This intense winter has been a bonding experience for Mainers. We have talked of little else but snow, whether we will get more snow, and where we are going to put snow. Then, just in the nick of time, the basketball tournament started.
Suddenly we could forget the weather, even though the tournament schedule had to be revised when teams couldn’t safely get to their venues – because of snow. But we all simply followed the shifts. When the team bus pulled out there was a comet’s tail of students, parents, grandparents, friends and neighbors following along. Up popped the perennial MDI sign: “Last one off the island turn out the lights.”
Some devoted fans care not who is competing, they go just for the sheer pleasure of watching our talented and determined youth give it their all. If there is a gender preference, it is the girls who have the edge. There is no prouder parent than a Maine dad with a daughter on the basketball court.
Plenty of Mainers can recite not just team results but the stats of the star players as well. The stand-outs of yesteryear are called to mind, or identified in the crowd and given their due. The stands are painted in vast blocks of team colors, switching hues as games begin and end.
For two weeks, there is a reprieve from winter. Between games, restaurants fill up, and the Bangor Mall is overrun as far-flung Mainers make the most of their road trips. It’s all good.
Except for ritual exchanges of taunts by legislators who make a show of backing their teams, the mood in Augusta is not all that improved at tournament time. Augusta is holding a tournament of its own, and it is not nearly as entertaining.
Front and center is Governor Paul LePage versus Attorney General Janet Mills. She has the better jump shot – he’s pretty good with the elbows. They are sparring over the governor’s authority to hire outside legal counsel when Mills deems a gubernatorial complaint not worthy of court time.
Another difference of opinion between the two is over a Maine Human Rights Commission (MHRC) investigation into a discrimination case involving the iconic Moody’s Diner in Waldoboro. In an unusual if not unprecedented move, LePage decided to step in.
The governor contends he is doing no more than assuring that the considerations are fair. Maybe so, but a governor brings a particularly large knife and fork to the table in a dispute of this sort.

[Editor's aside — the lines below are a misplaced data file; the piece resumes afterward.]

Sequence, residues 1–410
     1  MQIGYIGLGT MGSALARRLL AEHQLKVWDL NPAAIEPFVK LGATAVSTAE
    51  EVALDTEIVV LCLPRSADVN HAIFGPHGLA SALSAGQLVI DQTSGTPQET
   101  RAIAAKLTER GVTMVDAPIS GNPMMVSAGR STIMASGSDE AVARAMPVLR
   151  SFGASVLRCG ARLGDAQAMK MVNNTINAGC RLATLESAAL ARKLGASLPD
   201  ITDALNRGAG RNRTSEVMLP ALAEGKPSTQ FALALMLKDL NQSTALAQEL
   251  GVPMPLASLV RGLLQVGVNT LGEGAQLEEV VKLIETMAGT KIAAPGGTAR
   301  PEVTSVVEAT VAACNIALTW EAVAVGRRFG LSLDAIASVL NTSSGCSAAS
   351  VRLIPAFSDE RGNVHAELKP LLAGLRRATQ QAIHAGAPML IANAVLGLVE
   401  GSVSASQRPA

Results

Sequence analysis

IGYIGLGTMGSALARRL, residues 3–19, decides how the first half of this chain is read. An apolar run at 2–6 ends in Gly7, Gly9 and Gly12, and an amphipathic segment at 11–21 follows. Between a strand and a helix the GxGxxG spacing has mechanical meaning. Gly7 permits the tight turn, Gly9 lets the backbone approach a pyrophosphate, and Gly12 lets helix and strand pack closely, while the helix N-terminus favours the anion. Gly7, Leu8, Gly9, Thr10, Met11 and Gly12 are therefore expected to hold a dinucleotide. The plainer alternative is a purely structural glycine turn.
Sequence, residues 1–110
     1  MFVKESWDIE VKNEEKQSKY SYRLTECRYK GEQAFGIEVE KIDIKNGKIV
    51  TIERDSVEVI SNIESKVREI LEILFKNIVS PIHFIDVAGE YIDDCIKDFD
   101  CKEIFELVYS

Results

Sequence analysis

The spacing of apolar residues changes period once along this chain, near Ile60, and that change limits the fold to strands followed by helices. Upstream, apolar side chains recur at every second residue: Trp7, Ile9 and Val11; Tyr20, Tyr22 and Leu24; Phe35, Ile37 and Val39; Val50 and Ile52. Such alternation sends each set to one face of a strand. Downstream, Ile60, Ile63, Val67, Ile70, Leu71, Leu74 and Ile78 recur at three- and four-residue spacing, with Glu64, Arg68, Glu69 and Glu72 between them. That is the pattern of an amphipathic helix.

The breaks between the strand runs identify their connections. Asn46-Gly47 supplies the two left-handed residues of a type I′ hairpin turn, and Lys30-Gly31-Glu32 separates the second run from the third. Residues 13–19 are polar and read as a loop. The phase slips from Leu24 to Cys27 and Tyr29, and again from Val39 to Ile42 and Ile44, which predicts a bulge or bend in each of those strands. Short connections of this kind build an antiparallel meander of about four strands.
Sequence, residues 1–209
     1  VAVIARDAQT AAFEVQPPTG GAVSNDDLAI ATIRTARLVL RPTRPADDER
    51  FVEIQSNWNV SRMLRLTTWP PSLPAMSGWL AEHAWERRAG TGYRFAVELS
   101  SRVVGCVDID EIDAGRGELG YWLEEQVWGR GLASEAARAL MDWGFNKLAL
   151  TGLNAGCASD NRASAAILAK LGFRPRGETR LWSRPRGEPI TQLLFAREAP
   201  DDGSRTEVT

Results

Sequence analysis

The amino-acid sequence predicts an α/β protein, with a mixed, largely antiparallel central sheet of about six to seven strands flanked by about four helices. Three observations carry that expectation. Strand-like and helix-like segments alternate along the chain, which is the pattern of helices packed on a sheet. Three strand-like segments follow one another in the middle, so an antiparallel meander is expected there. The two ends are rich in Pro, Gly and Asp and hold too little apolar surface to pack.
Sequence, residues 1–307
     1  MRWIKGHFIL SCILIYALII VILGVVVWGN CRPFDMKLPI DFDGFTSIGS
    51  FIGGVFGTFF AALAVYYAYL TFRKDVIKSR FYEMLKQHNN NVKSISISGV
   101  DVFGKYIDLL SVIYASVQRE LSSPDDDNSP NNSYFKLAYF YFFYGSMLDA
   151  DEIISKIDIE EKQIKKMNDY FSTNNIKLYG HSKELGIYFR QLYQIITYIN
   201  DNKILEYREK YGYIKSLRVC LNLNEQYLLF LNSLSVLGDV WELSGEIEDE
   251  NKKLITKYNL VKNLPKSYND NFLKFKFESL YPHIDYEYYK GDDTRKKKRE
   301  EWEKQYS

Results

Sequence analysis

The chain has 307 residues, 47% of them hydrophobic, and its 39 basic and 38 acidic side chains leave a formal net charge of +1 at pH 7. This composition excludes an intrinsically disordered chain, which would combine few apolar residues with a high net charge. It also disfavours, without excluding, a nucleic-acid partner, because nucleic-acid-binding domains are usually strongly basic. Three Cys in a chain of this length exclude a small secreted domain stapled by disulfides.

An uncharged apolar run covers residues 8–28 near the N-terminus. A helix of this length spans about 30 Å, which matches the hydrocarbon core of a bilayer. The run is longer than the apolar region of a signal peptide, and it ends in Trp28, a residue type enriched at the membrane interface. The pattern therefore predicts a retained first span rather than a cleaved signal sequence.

According to an internal memo, he threatened to go to court to slow down deliberations if the MHRC did not do so voluntarily. MHRC Executive Director Amy Sneirson opted to proceed as planned. Sneirson describes herself as willing to meet with the governor to discuss process, but not the details of the case currently before the commission. That’s not allowed.
LePage suggested the possibility of an executive order directing an investigation of his own, but later opted to refer the matter to an attorney in his office for review. On the heels of the whole brouhaha, a routine financial request from MHRC to the governor’s office was rejected.
When Sneirson radioed the attorney general’s office for back-up, she was told the governor “had no authority to review the case…” That left the governor and attorney general toe to toe again.
LePage held that he was not interfering in the MHRC case; he just wanted to be sure there was no “ethical breach” in the proceedings. Refusing to issue routine financing for the commission seems a rather heavy-handed way to get such assurance.
There has been considerable discussion of the governor’s tactics ever since. Were they reasonable? Legal? Constitutional? While those questions are important, there is a bigger one to ask. Why on earth is the governor leaping into this particular frying pan when he is faced with a four-alarm structure fire over his tax reform proposal?
LePage began his second term in office with a new game plan. Last term, he was likely to throw down a proposal like a gauntlet, cry “Make it so!” and wait for it to be adopted. This year, he has gotten more strategic, with a political game plan that includes appearances across the state to explain and defend his major budget proposals, just as a governor should.
But instead of staying focused on the end game, he has reverted to the no-job-too-small philosophy of his first term and jumped into a you-know-what contest over a side issue that may be a matter of principle to him but spends political capital and in no way advances his big goals.
The governor is off to vacation in warmer climes, a habit that used to give us major heartburn – What governor goes on vacation during a legislative session? – but now passes almost unremarked. It goes to show how much we have adapted to our governor’s unique style. Perhaps he will renew his grip on the big picture while he is gone and come home ready to pursue his carefully planned agenda rather than every little grievance a citizen lays at his door.